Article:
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Feature: Engaging men to help fight violence against refugee women

Feature: Engaging men to help fight violence against refugee women

Violence against refugee women is not just a "women's issue", says the Committee Against Violence in Dadaab, Kenya, which counsels victims and teaches them to stand up for their rights. The camp-based committee has also recruited refugee men to help educate refugees about sexual and gender-based violence.
27 January 2003
Somali refugees collecting firewood in Dadaab's Hagadera camp. To reduce the risk of attacks, UNHCR is now distributing firewood to them.

DADAAB, Kenya (UNHCR) - Since she fled her war-torn homeland more than 10 years ago, Somali refugee Zahara Mohamed Ali has learned a brutal lesson: "When you are a refugee, you become subject to all kinds of violence. You can always be mistreated."

Unfortunately, the sexual attacks by soldiers, border guards, bandits and others that women refugees encounter before and during their flight do not always end when they reach a refugee camp. Refugee women can be attacked while collecting water or firewood, and they can be abused by their own husbands, who may be frustrated at losing their traditional role of provider for their families.

In Dadaab, a complex of three camps run by the UN refugee agency in north-eastern Kenya, refugee women like Zahara are taking an active role in combating violence against themselves. She is one of 22 members - men as well as women - of the Committee Against Violence, which educates refugees about sexual and gender-based violence, and counsels survivors. Zahara's committee is in Hagadera camp; similar ones exist in the other two camps that make up UNHCR's Dadaab complex, just 80 km from the Somali border.

The refugees decided to form the committee in 1998 after what one member calls "ugly, consistent violence" against women. It was originally called the Anti-Rape Committee, but broadened its focus after early successes in cutting down the number of rapes in the camps. "They said, 'why are we limiting ourselves to anti-rape, when there are so many other kinds of violence against women in the camps?'" recalls June Munala, UNHCR assistant protection officer in Dadaab, who works closely with the committees.

The refugee agency has found that it is vital to get refugees themselves to take the lead in deterring violence against women, says Chansa Kapaya, UNHCR's senior advisor on women for the Great Lakes, East and Horn of Africa. Committees like the ones in Dadaab "have become a standard way of mobilising refugees to become involved in the prevention of and response to sexual and gender-based violence".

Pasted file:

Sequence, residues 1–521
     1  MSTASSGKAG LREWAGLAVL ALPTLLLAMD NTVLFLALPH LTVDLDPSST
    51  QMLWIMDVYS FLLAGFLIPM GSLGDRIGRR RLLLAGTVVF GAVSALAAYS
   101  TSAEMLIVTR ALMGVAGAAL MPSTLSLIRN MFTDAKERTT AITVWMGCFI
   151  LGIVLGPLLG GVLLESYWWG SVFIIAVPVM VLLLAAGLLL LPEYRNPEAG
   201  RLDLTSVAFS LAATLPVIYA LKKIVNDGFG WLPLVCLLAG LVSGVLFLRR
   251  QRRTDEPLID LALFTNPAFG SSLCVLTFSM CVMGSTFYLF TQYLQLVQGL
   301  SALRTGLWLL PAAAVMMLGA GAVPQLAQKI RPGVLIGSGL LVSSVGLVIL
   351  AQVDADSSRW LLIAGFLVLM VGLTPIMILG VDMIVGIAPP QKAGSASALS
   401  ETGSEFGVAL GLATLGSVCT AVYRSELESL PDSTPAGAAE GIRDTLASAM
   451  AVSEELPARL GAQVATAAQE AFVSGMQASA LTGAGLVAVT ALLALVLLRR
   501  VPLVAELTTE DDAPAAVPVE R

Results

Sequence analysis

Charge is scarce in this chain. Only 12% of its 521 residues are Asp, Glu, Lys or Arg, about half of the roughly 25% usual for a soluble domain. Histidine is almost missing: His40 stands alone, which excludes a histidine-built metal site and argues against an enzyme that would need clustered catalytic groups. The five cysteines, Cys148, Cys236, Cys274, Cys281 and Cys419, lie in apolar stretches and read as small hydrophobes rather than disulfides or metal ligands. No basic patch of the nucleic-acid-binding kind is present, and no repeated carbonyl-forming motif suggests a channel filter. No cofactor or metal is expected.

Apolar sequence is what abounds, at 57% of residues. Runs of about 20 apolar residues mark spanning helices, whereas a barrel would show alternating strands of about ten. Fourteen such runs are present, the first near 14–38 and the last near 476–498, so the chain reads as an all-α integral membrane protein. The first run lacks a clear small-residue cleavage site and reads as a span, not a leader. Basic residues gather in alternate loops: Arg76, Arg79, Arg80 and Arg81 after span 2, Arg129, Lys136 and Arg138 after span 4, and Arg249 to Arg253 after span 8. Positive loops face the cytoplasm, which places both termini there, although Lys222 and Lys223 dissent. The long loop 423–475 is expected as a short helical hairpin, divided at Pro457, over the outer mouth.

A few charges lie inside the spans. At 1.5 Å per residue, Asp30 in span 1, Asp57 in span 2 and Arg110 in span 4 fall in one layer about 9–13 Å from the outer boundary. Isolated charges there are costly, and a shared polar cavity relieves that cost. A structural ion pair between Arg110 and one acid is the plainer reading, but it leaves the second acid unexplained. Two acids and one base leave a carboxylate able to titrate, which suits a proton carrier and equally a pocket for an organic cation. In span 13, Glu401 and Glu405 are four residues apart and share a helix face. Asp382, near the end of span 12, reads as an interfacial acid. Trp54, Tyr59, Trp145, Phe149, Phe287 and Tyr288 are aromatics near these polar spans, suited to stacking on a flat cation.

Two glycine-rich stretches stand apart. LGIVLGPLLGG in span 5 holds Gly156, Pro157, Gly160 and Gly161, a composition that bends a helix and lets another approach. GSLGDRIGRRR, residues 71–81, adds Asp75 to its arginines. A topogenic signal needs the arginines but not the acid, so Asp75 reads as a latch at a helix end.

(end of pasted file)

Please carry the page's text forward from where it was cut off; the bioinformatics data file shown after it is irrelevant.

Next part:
Members of such committees receive training in counselling and paralegal work, and work together with non-governmental organisations like CARE in the camps.

"We are breaking through the silence of women who are raped, who are afraid to go to hospital or share their problems with others," says committee member Mumina Migag Bare. Survivors of rape are brought to the committee's office, where "we give them counselling, boost their morale and try to share their grief". In addition to counselling rape survivors and encouraging them to report assaults to police, "we are teaching women to stand up for their rights", she adds.

Prosecution in local courts underlines the message that rape is illegal in Kenya, members of the committee say. "We are succeeding in getting more victims to go to the police," adds Deka Abdi Ahmed, the CARE representative who works with the Hagadera committee.

Along with other steps (such as UNHCR's donation of vehicles to the local police to allow them to increase patrols), the committee is credited with decreasing the number of rapes in and around the camps. "Rape cases have gone down drastically" in Dadaab, says UNHCR's Munala - from 25 in 2001 to 10 in 2002, in the three camps that house about 135,000 people.

Andrea Vonkeman, senior UNHCR protection officer in Dadaab, cautions that while the number of rapes has gone down, many other crimes against women go unreported. Zahara agrees that the refugee camp can be a breeding ground for violence against women and children: "The family doesn't have enough food, married couples don't have any income, so it creates conflicts between a man and his wife."

The involvement of men is key to any improvement in the situation, say committee members. "If a person has only one hand or two hands, which is better?" Mumina asks rhetorically. "Men and women can work together like two hands. There are places women can't go, and men can't talk to rape victims; we need each other to do the job."

"A lot of gender programmes started as 'women's issues'," says Kapaya, the UNHCR advisor, cautioning that if men are not involved, they can feel isolated, resentful and even accused.

"It has become very clear that men must be involved in gender programmes if they are to succeed because we are, after all, talking about both men and women, about power relations between men and women," she says. It is important to mobilise male activists to dismantle negative notions of masculinity and redefine new male values, she notes, adding, "Men should be part of the solution."

In Hagadera, men are taking the lead in trying to educate other men and act as role models. "I feel very sorry about wife-beating," says one male member of the committee, Abdihakim Ahmed Gabey. "We [men] really feel bad, because every person is a human being, and what is bad to you is bad to me."

Refusing to rest on its laurels, the committee still has lofty ambitions. "We will consider it a success when we see not a single woman raped and not a single woman beaten by her husband," says committee member Iswind Ibrahim Ahmed.

By Kitty McKinsey
UNHCR Regional Office in Nairobi